Bacteria from tiny mites living in the skin may be the cause of rosacea
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Bacteria from tiny mites living in the skin may be the cause of rosacea

Dublin : Ireland | Aug 30, 2012 at 11:25 AM PDT
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A new review finds may be triggered by bacteria from tiny mites dwelling in the skin

Rosacea a common chronic inflammatory skin condition that affects adults. It produces redness in your face, mostly around the cheeks, nose and chin. Rosacea signs and symptoms may flare up for a period of weeks to months, and then diminish before flaring up again. Rosacea does not have a cure; treatments can control the signs and symptoms.

View slideshow: Alternative Rosacea Treatments

Now scientists may be closer to establishing a definite cause for this skin condition that will allow more targeted, effective treatments to be developed for those who endure this condition.

A new review carried out by the National University of Ireland concludes that rosacea may be triggered by bacteria that live within tiny mites that reside in the skin.

Demodex folliculorum is the mite species that just may be the cause of rosacea. The mite described as worm like in shape and usually lives without harm in the pilosebaceous unit that surrounds the face. The pilosebaceous unit consists of the hair shaft, hair follicle, the sebaceous gland which makes sebum, and the erector pili muscle which causes the hair to stand up when it contracts. They normal live on the face and multiply with age and skin damage such as from sun light. These numbers of mites are higher in those with rosacea than in individuals without the condition. In the past this has suggested a possible role for mites in starting the condition.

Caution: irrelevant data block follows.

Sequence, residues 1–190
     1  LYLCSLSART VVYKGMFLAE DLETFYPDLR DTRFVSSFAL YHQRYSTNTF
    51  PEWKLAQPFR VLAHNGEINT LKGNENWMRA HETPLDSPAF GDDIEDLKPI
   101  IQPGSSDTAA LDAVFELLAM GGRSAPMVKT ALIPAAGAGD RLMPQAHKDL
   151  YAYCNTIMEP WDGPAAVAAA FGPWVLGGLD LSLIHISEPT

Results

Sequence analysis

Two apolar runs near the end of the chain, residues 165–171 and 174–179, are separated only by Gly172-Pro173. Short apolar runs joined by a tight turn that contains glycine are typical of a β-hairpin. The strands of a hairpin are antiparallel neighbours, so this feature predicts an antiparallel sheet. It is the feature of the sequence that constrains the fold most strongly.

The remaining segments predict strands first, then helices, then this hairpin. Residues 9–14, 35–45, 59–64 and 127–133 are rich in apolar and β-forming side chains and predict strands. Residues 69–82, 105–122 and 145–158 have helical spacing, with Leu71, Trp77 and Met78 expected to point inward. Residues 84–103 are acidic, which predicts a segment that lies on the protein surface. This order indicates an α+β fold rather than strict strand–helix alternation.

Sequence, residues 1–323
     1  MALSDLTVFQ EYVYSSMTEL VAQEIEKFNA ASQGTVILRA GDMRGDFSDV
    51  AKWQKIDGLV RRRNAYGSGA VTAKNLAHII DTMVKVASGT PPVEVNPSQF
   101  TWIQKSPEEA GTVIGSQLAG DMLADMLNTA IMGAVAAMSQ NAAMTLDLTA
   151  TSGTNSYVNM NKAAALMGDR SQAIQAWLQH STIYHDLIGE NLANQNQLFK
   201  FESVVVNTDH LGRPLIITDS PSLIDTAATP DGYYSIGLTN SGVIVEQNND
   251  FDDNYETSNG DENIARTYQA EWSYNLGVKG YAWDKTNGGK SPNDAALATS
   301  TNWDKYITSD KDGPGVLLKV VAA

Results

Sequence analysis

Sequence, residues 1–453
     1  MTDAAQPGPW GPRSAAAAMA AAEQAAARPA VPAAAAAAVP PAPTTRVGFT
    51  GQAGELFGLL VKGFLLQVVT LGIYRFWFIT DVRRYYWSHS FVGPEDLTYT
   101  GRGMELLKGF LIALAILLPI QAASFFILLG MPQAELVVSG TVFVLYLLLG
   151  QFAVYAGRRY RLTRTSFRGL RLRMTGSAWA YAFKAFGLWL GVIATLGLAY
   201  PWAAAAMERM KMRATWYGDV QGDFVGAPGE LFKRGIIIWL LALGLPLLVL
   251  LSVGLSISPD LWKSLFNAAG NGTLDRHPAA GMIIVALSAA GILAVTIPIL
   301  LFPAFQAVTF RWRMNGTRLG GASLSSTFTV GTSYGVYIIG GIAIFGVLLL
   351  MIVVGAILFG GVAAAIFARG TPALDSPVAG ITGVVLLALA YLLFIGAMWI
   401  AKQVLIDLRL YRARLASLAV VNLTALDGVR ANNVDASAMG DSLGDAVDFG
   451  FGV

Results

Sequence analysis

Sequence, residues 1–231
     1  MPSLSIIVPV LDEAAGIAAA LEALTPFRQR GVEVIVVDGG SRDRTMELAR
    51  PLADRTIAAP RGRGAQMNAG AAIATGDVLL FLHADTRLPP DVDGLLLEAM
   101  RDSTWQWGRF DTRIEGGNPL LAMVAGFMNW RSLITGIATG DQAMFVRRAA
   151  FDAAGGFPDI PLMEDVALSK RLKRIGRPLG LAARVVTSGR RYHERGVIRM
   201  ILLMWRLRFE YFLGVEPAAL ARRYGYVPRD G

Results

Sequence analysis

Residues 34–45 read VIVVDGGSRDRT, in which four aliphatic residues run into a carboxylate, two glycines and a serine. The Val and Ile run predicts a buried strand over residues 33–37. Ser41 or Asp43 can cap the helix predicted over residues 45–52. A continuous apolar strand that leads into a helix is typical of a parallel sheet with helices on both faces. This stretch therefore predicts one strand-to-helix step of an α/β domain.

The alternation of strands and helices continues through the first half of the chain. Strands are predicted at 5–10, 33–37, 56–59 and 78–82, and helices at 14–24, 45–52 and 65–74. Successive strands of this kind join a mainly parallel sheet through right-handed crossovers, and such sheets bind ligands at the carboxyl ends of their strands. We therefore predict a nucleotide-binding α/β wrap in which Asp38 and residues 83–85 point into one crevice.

Recently, the bacterium Bacillus oleronius was removed from inside a Demodex mite and was found to produce molecules provoking an immune reaction in rosacea patients, Studies have demonstrated patients with different types of rosacea react to the molecules produced by the bacterium that exposes it as a likely trigger for rosacea. This bacterium is also sensitive to the antibiotics which are used to treat the skin condition.

Dr. Kevin Kavangh, Head of Laboratory, National University of Ireland, and carried out this review had explained "The bacteria live in the digestive tracts of Demodex mites found on the face, in a mutually beneficial relationship. When the mites die, the bacteria are released and leak into surrounding skin tissues - triggering tissue degradation and inflammation."

"Once the numbers of mites increase, so does the number of bacteria, making rosacea more likely to occur. Targeting these bacteria may be a useful way of treating and preventing this condition," said Dr. Kavanagh. "Alternatively we could look at controlling the population of Demodex mites in the face. Some pharmaceutical companies are already developing therapies to do this, which represents a novel way of preventing and reversing rosacea, which can be painful and embarrassing for many people,” according to the news release from society of general microbiology.

This review is published in the Journal of Medical Microbiology.

Even though the cause is unknown, you are more likely to develop this skin condition if; if you have fair skin, blush easily, you are female (men with the condition are more severely affected), you are in between the ages of 30 and 50.

Triggers vary from person to person. Other triggers include wind, hot baths; cold weather certain skin products and other factors.

Treatment includes antibiotics such as tetracycline, antibiotics applied to the skin such as metronidazole. Other medications like Accutane which is much like vitamin A are other alternatives.

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Treating bacteria frm mites
Test tubes filled with samples of bacteria to be tested are seen at the Health Protection Agency in north London March 9, 2011 (Suzanne Plunkett / REUTERS)
Debbie Nicholson is based in Detroit, Michigan, United States of America, and is an Anchor for Allvoices.
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